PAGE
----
Full time fire fighters in Portadown station are to be reduced from five to three as a result of budget cuts, it has been claimed.
Jim Quinn of the Fire Brigades Union said appliances use five fire fighters and to cut the number of full time staff in Portadown could lead to delays in reaching a fire.
He explained that while the full time members would be in the station, they would have to wait until part timers arrived at the station before leaving.
Ulster Unionist MLA said he had an urgent phone call with Michael Graham, the Chief Fire and Rescue Officer about the news of reduction in Fire and Rescue services in the Portadown area.
He said: “This follows an email to him last week highlighting my concerns about the Portadown Fire and Rescue Service future.
“The Chief confirmed to me that the Portadown station will be reduced from five full time fire officers to three full time officers during the day only with two retained fire officers on call within the response area. The night service will not change. This is likely to take place sometime in mid-August and no firefighters will lose their jobs but may be required to work elsewhere.
“Without a doubt, this reduction of two full time officers during the day will have an impact on response times. Although appliances can be manned with 3 firefighters this is only done in extremis so no appliance will leave the station without all 5 members being present to ensure a safe system of operation and this naturally will be delayed while those responding make their way to the station.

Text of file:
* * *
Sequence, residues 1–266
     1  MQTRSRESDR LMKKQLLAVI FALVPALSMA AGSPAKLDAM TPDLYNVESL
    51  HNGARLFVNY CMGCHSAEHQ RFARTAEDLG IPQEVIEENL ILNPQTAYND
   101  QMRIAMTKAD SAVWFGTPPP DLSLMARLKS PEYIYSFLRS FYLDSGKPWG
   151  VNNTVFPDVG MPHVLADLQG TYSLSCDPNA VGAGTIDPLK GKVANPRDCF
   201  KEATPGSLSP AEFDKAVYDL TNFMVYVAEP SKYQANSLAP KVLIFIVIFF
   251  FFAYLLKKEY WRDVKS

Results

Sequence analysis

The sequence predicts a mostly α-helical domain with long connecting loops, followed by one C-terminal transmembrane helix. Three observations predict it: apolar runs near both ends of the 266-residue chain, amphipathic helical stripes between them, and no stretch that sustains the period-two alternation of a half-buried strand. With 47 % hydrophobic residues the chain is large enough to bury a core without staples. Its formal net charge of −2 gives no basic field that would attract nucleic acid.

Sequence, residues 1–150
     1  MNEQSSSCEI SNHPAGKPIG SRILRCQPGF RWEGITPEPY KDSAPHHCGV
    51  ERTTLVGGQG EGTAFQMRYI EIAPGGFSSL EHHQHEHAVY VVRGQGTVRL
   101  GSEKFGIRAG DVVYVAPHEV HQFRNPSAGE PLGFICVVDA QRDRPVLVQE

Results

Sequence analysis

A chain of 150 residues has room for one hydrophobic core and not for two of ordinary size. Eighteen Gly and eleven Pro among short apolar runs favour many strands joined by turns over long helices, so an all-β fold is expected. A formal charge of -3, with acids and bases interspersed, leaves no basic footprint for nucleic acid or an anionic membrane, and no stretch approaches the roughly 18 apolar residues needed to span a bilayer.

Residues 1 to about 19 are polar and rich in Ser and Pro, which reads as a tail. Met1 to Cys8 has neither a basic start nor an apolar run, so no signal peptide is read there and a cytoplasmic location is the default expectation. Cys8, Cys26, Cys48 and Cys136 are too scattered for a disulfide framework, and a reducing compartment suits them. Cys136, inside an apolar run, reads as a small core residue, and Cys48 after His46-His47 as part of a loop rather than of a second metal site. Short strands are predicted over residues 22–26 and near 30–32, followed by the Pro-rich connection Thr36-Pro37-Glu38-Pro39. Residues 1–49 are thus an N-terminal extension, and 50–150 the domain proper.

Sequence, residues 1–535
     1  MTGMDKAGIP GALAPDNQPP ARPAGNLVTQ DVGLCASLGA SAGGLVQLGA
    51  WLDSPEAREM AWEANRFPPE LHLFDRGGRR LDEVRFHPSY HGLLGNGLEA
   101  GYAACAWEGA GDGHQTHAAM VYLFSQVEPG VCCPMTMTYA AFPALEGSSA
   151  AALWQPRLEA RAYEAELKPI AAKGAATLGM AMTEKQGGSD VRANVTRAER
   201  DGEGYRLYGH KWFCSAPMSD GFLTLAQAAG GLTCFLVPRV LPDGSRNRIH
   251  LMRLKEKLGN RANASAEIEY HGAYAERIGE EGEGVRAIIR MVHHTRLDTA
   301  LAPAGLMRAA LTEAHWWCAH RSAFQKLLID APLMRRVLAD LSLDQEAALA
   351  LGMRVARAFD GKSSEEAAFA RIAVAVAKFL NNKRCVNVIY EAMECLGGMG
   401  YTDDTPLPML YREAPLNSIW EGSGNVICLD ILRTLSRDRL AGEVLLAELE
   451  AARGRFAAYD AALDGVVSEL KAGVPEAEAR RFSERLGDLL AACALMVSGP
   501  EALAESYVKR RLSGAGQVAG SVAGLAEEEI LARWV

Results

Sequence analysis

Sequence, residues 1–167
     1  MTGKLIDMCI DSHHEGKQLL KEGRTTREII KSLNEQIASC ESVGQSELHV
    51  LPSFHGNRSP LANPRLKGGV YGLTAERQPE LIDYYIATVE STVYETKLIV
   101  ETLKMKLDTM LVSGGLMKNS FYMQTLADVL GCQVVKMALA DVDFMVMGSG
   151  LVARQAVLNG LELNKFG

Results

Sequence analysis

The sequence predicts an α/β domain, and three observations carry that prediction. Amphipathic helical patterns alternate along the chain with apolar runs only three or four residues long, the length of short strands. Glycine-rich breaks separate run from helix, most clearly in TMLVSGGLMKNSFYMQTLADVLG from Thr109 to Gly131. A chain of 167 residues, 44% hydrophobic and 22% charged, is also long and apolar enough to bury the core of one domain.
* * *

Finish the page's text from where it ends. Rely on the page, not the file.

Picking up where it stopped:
“The chief also explained that he was also going to continue to enhance and promote prevention with those full time officers doing more visits to vulnerable people, schools and organisations to talk about fire prevention working on the clear message that ‘prevention is better that cure’.
“Of course, the Fire Brigades Union and the public will be concerned about this move and I join their concern given the increase in population, infrastructure and houses in the Portadown and Craigavon area. I will be raising the budgetary concerns with the Department of Health, which is driving the NI Fire and Rescue Service (NIFRS) decision making; although it is my understanding that these changes would likely to have been made regardless given the severe gaps within the NIFRS workforce.”